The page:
Nuclear cruiser sails to Northern Sea Route entrance

"Pyotr Veliky" - the Russian navy's only nuclear powered surface vessel at port in Severomorsk north of Murmansk. Photo: Thomas Nilsen

Russia’s only operating nuclear powered battle cruiser “Pyotr Veliky” left Severomorsk on Wednesday and sets sail for the Kara Sea.


The giant warship will be on a combat training mission, reports the information portal with reference to the head of information of the Northern fleet Captain of 1st rank Vadim Serga. 

The Kara Sea is the entrance to the Northern Sea Route (NSR), the shipping lane that becomes more and more attractive for trade between Europe and Asia as the Arctic ice-cap melts away. The navy source says the current mission with “Pyotr Veliky” (“Peter the Great” in English) is in line with Russia’s maritime doctrine that stipulates for resuming Russian naval vessels regular presence in strategically important areas of the World Oceans.

The Kara Sea is not only important as the gateway to the Northern Sea Route, but also because of its estimated large-scale oil and gas resources. Rosneft is this summer conducting seismic studies in the Kara Sea, mapping the area before the Russian oil major together with partner Exxon start drilling for oil and gas.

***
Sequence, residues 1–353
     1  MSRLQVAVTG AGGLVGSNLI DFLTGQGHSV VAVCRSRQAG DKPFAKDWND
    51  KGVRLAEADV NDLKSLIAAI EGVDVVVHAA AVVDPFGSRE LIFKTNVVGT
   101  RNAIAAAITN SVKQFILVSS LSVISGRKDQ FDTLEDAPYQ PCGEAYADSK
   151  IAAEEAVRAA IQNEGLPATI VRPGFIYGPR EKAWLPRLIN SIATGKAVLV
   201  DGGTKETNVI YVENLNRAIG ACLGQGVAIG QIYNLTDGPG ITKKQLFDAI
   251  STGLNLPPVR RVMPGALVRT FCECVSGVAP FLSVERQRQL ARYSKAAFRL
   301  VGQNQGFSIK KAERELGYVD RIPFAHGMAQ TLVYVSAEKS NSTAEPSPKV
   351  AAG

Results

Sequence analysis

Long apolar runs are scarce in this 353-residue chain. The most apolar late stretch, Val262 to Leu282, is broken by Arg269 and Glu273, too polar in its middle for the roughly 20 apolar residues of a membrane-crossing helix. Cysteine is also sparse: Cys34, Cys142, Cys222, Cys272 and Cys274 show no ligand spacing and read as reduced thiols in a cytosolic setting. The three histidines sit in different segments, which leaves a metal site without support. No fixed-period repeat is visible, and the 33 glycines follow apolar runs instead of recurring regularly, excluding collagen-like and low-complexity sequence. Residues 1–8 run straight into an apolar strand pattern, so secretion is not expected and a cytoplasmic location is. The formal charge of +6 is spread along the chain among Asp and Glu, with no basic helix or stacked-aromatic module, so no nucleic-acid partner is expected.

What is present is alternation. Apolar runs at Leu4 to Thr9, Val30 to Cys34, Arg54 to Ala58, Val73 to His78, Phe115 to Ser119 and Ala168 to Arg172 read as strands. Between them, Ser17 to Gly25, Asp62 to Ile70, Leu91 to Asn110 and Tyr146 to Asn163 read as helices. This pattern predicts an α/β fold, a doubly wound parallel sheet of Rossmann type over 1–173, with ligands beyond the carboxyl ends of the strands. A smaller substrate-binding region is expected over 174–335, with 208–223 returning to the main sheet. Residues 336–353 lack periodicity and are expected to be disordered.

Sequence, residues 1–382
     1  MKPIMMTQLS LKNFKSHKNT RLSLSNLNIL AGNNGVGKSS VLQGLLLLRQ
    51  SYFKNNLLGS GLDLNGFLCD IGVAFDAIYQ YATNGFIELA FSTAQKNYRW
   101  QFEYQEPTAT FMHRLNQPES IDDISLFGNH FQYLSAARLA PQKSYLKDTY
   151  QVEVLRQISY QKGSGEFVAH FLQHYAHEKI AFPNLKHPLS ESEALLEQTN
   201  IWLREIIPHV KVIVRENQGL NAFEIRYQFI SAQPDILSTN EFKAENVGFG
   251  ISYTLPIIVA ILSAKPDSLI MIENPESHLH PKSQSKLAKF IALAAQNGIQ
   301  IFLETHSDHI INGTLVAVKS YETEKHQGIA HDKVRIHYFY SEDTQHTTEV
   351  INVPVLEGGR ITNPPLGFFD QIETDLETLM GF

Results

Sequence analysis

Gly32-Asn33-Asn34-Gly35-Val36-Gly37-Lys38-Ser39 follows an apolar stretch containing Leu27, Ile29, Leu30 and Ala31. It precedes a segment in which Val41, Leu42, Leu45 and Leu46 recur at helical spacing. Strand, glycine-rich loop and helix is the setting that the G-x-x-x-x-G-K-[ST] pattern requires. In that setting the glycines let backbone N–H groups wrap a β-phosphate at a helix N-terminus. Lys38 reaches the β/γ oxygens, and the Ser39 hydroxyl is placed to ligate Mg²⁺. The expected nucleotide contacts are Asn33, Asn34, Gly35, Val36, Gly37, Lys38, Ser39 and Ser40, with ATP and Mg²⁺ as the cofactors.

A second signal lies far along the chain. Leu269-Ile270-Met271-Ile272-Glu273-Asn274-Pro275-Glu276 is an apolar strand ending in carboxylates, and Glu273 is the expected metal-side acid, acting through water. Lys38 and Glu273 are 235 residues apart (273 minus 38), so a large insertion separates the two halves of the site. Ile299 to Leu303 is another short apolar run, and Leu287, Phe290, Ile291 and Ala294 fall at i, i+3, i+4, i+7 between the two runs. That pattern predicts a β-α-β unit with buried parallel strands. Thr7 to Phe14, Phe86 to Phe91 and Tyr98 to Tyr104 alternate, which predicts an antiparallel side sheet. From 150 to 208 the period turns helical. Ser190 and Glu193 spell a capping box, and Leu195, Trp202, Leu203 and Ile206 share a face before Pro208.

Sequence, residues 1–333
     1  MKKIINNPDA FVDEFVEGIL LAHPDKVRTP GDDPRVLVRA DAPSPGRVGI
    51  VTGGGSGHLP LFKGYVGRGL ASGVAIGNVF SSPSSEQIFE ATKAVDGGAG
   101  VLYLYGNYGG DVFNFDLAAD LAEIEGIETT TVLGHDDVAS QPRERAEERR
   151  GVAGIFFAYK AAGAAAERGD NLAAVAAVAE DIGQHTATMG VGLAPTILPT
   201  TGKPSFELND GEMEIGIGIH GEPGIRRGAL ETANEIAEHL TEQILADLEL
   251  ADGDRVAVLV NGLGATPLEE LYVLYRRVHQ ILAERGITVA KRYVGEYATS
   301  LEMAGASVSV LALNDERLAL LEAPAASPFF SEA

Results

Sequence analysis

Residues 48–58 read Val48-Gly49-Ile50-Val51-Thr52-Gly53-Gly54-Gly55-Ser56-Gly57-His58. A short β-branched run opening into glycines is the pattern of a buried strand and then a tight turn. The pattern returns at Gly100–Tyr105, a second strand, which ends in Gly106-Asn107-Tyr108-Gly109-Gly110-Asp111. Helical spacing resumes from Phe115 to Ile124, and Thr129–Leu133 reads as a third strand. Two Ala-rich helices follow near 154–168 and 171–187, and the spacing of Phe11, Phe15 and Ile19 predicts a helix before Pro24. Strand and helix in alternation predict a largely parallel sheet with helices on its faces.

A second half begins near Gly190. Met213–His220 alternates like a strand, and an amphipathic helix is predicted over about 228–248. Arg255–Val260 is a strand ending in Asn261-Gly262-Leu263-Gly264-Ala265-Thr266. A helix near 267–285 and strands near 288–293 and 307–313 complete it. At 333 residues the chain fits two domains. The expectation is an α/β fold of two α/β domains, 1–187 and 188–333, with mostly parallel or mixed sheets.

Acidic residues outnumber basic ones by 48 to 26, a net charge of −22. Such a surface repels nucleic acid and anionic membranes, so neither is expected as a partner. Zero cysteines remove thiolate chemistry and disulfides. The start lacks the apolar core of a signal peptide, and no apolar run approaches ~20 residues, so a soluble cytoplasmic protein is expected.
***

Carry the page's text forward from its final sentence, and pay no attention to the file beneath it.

The warship will be training in the Kara Sea in the busiest season for commercial shipping along the Northern Sea Route. As reported by BarentsObserver earlier this week, the number of vessels sailing the NSR has so far reached 22 – 13 from the west to the east and nine in the opposite direction. In the coming two months, many more vessels are in line for voyages along the route.

Watch video of “Petr Veliky” leaving Severomorsk for Arctic waters on TV Zvezda

“Pyotr Veliky” is based in Severomorsk, the Northern Fleet’s main base in the Kola bay north of Murmansk on the Kola Peninsula. The battle cruiser is the  head vessel of the fleet and is powered by two nuclear reactors. She will also sail in the Barents- and White Sea area during the same voyage this autumn.